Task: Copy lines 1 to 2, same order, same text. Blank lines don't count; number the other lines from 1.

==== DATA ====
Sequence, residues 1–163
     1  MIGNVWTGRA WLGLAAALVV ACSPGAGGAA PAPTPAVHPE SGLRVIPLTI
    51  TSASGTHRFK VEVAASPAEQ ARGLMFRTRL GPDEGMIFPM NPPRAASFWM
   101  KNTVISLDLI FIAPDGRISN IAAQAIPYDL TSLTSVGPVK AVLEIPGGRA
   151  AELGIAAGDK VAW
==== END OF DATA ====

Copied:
Sequence, residues 1–163
     1  MIGNVWTGRA WLGLAAALVV ACSPGAGGAA PAPTPAVHPE SGLRVIPLTI